By: 7 May 2014

A lthough healthcare firms are increasingly embracing social media as an important and successful business tool, many are still sitting on the fence, with neither the confidence nor knowledge to plunge their business or product into the social realm.

Yet, with stacks of supporting research showing the huge benefits that social media can bring, the time has come to get off the fence and start reaping these rewards.

There are the obvious benefits that social media can bring to your firm such as:

  • Generating traffic to your website
  • Increasing business opportunities
  • Improving the reputation of your brand
  • Increasing the awareness of your firm’s services
  • Reaching a wider audience and new potential clients

Allows you to easily communicate with your clients, both new and existing.
LinkedIn is already widely recognised as the social network for businesses, allowing easy networking between industry professionals. New research from Investis, found that LinkedIn generates more traffic to corporate websites (64%) than all the other social media platforms combined.

It should come as no surprise that using LinkedIn, a platform boasting more than 200 million members, is a fundamental way for firms to stay in touch with clients, generate new business leads and provide credentialing information and documents. However, this research also revealed that blogs are now the third most commonly used media tool for professional reasons. Suggestions that these blogs are being read frequently as those written by journalists and reporters, indicates that healthcare blogs are perceived as an credible source of information.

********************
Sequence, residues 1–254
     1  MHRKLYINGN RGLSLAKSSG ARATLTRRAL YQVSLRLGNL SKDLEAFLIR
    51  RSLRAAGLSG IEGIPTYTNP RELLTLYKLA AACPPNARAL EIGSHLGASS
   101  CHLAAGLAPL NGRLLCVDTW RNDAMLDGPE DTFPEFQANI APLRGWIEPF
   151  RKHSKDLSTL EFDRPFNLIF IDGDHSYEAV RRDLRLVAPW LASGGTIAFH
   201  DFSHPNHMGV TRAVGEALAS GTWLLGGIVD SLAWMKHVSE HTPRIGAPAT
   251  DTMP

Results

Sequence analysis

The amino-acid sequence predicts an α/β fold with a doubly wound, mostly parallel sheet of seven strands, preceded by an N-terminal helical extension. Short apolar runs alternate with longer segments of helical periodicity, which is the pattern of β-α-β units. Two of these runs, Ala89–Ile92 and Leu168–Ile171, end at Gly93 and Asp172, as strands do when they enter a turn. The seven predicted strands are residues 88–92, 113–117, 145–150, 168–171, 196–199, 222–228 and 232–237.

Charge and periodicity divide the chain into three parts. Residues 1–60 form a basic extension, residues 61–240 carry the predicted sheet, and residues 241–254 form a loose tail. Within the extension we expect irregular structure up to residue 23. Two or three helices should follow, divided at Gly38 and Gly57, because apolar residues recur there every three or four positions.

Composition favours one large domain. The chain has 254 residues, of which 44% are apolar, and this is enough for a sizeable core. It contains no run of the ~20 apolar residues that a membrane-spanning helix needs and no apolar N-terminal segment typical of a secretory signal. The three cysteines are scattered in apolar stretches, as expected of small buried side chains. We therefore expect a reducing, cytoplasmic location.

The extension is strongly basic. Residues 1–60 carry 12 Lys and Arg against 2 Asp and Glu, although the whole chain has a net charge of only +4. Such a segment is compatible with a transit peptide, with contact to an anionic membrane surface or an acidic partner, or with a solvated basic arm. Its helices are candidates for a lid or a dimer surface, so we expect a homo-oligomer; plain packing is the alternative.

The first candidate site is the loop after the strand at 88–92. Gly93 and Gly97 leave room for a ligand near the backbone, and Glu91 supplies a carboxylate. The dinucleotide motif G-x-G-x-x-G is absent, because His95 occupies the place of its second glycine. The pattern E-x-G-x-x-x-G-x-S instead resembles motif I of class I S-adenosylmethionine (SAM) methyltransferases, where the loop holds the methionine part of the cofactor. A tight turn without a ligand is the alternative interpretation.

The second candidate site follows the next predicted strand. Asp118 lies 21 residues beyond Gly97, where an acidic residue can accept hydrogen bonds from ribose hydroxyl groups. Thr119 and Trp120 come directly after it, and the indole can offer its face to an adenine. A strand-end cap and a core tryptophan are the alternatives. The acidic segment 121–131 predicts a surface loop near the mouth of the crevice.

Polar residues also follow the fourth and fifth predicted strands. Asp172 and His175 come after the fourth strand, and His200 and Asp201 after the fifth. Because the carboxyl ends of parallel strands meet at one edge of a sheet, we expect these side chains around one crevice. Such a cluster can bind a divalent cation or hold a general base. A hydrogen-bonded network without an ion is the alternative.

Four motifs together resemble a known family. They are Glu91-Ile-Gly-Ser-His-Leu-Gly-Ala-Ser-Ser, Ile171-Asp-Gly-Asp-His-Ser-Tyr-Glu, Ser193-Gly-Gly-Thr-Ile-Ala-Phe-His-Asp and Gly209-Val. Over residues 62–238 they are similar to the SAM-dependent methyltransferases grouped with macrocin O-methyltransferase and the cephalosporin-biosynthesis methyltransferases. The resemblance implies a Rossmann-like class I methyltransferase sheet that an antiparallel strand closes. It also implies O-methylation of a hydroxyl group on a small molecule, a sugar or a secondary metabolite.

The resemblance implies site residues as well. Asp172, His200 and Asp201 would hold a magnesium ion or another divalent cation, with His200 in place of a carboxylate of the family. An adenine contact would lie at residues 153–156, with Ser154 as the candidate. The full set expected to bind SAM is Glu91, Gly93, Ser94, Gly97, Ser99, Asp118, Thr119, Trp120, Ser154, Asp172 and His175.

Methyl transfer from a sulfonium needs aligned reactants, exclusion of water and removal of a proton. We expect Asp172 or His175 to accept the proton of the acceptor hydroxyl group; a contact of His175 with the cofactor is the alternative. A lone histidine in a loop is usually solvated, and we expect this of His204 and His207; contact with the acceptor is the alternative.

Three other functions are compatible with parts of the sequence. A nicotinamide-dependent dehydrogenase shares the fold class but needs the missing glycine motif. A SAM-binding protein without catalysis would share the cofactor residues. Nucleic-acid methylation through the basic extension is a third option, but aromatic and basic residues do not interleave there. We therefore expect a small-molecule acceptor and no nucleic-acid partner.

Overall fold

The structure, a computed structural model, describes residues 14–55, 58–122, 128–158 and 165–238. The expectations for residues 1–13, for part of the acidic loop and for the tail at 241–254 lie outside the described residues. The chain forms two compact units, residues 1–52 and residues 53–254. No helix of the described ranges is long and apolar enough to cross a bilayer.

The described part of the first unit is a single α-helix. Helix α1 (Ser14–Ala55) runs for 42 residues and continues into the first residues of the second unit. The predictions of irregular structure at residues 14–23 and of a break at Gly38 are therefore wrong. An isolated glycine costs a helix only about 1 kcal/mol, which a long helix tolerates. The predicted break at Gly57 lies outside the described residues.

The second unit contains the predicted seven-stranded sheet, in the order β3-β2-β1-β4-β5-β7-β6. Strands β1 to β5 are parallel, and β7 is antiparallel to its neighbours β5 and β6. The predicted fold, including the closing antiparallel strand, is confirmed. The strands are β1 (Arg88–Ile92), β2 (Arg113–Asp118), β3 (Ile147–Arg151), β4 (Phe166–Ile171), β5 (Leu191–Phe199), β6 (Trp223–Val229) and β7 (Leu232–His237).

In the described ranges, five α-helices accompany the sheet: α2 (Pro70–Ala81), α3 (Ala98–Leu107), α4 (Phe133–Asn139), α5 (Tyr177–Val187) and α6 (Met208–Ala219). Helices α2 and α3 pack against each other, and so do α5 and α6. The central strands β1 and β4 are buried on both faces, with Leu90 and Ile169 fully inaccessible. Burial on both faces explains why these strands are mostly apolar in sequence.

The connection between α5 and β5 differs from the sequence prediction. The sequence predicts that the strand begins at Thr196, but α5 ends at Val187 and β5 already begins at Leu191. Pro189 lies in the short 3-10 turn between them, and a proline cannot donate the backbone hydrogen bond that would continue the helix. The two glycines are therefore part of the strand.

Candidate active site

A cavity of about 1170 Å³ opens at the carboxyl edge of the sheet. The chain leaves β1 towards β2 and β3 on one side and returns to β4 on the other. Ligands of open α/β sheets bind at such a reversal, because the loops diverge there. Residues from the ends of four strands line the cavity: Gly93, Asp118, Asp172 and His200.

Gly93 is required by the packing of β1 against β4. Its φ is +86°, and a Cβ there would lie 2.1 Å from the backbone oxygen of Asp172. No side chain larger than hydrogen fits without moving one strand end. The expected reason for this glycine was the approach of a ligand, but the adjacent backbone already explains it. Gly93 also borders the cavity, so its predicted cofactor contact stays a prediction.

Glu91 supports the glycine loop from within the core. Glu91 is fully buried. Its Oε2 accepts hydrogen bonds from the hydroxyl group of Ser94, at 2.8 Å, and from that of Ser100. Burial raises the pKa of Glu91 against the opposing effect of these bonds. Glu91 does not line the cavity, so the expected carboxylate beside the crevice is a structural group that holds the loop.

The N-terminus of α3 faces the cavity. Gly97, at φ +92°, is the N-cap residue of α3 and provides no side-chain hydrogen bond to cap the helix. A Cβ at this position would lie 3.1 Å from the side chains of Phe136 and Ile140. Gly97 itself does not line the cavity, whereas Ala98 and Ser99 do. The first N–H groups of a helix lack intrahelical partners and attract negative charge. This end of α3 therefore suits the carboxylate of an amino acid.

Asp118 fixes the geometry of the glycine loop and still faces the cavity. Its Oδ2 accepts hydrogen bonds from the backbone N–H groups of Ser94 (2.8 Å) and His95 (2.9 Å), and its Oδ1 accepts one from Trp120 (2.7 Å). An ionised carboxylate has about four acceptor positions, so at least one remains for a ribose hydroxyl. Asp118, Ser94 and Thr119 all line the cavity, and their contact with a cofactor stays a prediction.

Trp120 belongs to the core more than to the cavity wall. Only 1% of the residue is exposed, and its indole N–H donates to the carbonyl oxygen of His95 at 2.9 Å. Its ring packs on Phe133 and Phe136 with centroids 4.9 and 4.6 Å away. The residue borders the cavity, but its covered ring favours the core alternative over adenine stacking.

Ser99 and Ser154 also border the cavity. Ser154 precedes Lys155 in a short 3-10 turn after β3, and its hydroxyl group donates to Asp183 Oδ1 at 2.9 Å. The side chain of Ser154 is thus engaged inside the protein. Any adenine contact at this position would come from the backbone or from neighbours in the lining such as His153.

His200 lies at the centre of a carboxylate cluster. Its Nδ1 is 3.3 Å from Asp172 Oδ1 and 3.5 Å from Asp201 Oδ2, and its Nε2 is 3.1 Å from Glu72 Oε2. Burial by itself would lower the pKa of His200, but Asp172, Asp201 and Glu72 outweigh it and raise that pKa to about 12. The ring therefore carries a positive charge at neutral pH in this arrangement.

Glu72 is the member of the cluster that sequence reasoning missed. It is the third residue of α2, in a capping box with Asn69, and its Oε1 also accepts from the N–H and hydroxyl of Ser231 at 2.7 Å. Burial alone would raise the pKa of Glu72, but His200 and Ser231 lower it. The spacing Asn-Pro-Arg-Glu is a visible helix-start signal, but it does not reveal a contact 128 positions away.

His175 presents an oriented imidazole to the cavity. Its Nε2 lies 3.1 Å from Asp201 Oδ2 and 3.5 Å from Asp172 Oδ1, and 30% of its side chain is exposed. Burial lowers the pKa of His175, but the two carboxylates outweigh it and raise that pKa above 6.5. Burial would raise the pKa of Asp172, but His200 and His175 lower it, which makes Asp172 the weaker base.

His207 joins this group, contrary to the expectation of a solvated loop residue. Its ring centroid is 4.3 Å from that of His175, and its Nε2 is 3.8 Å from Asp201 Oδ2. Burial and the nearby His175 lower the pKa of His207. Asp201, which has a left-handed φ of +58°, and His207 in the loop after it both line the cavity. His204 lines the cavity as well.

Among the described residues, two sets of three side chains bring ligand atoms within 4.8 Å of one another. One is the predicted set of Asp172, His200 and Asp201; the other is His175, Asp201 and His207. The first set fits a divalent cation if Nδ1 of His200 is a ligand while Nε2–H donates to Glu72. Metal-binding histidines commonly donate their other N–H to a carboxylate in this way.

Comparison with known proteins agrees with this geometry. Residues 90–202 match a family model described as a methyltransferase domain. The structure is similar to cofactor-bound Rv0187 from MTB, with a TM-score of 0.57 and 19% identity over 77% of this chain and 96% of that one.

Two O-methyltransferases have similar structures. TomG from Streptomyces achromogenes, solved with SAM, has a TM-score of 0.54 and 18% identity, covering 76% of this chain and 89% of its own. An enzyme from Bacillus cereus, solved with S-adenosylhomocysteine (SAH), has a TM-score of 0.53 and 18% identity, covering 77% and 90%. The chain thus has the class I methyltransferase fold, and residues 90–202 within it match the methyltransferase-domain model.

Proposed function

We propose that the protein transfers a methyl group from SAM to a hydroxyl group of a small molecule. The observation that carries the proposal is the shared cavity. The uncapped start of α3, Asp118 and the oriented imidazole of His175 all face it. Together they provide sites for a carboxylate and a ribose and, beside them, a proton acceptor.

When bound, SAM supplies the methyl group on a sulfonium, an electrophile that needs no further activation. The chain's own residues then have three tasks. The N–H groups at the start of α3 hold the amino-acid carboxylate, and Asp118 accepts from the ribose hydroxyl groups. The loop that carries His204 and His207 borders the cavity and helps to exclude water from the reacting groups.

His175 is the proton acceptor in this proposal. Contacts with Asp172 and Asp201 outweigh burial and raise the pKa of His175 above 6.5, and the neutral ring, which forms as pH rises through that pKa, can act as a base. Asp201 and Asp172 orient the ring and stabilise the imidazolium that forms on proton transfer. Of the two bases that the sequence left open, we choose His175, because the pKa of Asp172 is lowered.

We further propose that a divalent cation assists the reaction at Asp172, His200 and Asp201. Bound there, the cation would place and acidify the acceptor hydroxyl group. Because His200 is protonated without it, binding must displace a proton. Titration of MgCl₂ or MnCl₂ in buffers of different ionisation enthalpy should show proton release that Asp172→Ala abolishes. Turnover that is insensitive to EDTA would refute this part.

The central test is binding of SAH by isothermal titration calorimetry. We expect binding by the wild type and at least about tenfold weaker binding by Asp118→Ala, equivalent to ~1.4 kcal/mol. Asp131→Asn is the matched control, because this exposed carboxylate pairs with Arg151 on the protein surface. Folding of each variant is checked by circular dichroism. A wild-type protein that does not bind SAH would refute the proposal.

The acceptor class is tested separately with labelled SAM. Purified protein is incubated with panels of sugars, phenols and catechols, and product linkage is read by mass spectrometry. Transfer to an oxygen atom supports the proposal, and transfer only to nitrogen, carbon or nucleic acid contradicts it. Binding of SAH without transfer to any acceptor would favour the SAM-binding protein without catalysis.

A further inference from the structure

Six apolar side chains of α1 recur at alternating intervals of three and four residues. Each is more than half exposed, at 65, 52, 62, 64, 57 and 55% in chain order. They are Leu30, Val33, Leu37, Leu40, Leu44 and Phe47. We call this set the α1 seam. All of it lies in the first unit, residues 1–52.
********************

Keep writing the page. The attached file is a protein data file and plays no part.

With more than 60%1 of adults using the internet to find health information, there is a clear market of people waiting to be better educated about where to find the information they need. By integrating social media into their existing communications strategies, healthcare organisations can work more efficiently by sharing knowledge on symptoms, research and treatments. As the UK is one of the most socially connected countries 2 in the world, making better use of these platforms should be the way forward. Social media has the ability to allow both patients and professionals to receive quick, timely and up to date information regarding different illnesses and diseases and dispel myths and misnomers, and can also create a hub or forum for patients to post their health questions, share concerns and converse with others.

Organisations such as the NHS are constantly being tasked with creating cost savings and efficiencies and social media can allow them to better achieve these objectives, as these statistics prove: